Monday, January 11, 2010

Definitely a Ten . . .

I interview for my job at 3:00.

I didn't leave the apartment all weekend. Saturday we hosted company and Sunday was just too fucking cold to do anything. I romanced the thought of walking some videos back to the store. A two-hour nap ended up defeating that notion.

Two in the morning and I'm tossing about and turning in the sheets. I don't know if I'm unable to sleep for the nap, or is it the interview tomorrow afternoon? The one I'll arrive at baggy-eyed and sluggish from the lack of sleep. My boss has told me personally not to worry, and I know who I'm up against: The rouge's gallery of crumb-bums I've been writing about for the past several years on these pages. But the recent economic downturn has put a lot a good people on the streets, looking for anything that guarantees a paycheck on the first and fifteenth -even if only for a few weeks. It's the things you can't see that really fuck you up.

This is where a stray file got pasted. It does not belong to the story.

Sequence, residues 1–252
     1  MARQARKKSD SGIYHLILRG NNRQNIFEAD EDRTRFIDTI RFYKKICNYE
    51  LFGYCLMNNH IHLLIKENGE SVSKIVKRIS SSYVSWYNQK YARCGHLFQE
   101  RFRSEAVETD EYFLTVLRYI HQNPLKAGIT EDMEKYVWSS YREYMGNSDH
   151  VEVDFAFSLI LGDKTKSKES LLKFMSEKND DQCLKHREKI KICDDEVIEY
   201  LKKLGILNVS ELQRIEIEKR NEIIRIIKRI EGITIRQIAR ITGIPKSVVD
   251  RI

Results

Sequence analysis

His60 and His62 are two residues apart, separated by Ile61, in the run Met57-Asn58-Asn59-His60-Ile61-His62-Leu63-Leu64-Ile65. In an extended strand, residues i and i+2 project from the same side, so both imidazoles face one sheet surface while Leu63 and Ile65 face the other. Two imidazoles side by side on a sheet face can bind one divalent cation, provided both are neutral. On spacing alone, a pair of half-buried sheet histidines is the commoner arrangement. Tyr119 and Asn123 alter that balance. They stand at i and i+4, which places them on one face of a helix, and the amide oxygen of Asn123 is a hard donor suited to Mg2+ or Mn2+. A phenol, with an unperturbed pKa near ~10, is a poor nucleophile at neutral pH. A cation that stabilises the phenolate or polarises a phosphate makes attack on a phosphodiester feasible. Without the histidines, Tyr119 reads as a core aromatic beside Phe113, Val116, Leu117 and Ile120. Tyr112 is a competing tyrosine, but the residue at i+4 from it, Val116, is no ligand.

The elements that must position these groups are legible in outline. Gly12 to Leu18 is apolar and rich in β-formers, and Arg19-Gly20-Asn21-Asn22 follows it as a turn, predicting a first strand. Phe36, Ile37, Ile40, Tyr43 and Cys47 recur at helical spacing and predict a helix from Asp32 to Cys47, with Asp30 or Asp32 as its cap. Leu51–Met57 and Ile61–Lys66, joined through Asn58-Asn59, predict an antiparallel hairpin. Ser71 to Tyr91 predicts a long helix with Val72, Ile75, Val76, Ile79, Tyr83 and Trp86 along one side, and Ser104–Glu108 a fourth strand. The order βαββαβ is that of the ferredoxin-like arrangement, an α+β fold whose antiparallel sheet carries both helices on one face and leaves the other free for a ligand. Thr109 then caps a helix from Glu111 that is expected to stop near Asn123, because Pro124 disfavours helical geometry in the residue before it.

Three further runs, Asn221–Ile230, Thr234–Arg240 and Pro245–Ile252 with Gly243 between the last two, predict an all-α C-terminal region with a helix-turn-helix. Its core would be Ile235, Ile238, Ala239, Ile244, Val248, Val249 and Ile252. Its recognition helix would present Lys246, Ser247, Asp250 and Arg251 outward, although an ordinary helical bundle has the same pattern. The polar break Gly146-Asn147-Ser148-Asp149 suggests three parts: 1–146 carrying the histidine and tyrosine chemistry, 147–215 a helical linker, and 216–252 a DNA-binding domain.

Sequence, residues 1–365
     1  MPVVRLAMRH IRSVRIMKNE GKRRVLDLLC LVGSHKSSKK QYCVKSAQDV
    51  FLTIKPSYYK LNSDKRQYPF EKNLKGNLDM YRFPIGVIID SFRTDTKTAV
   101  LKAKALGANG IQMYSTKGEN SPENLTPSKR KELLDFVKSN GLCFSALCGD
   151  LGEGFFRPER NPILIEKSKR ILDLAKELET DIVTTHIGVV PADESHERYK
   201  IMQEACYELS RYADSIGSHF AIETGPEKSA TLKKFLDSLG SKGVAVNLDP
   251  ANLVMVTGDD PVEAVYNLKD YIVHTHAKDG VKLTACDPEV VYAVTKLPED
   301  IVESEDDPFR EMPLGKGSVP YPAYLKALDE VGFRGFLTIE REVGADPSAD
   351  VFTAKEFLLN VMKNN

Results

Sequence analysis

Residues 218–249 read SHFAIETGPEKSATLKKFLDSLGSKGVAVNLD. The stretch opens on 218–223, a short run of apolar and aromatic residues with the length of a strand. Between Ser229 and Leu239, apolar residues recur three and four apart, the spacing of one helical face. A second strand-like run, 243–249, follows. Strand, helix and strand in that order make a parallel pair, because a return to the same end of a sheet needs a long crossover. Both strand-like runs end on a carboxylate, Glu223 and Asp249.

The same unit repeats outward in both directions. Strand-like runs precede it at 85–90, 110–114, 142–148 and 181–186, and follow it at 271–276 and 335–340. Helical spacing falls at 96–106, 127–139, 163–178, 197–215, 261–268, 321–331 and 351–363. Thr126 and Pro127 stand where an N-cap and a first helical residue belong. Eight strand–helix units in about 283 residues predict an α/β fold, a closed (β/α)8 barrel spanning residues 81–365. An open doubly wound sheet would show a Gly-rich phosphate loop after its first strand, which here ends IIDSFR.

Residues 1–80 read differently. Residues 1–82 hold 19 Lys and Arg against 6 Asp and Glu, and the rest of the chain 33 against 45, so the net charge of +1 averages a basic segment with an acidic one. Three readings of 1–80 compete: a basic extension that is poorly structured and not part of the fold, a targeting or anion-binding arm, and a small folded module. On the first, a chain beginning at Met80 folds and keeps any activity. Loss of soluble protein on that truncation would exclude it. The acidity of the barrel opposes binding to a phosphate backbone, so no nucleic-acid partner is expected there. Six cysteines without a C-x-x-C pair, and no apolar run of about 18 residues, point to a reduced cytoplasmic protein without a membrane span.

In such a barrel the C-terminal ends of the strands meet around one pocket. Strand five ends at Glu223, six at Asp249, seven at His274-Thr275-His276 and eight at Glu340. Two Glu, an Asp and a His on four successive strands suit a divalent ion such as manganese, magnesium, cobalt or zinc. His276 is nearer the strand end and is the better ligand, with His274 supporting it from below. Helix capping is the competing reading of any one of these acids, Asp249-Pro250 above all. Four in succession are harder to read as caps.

I keep telling myself, "You've never lost a job in the interview. If you can get in face-to-face you're fine."

I moved to Hays in the winter of 2002 for no real reason at all. My friends in Lawrence were rounding out the third year of just hanging out, and I knew that there was something I should be doing, I just didn't know what. So like anyone in their late-teens/early-twenties who just has to break free of the apathy they see looming over them, I packed up the car to a place that held no real history or consequence but was populated by a few friends.

Hays rests on the western outskirts of Kansas. Located off I-70, it serves as the last junction before Colby, a town whose billboards promote it as an Oasis on the Plains. It's the typical small college town in the middle of nowhere. Peter Bogdonavich filmed Paper Moon in this town two decades earlier. The people of Hays still talk about it.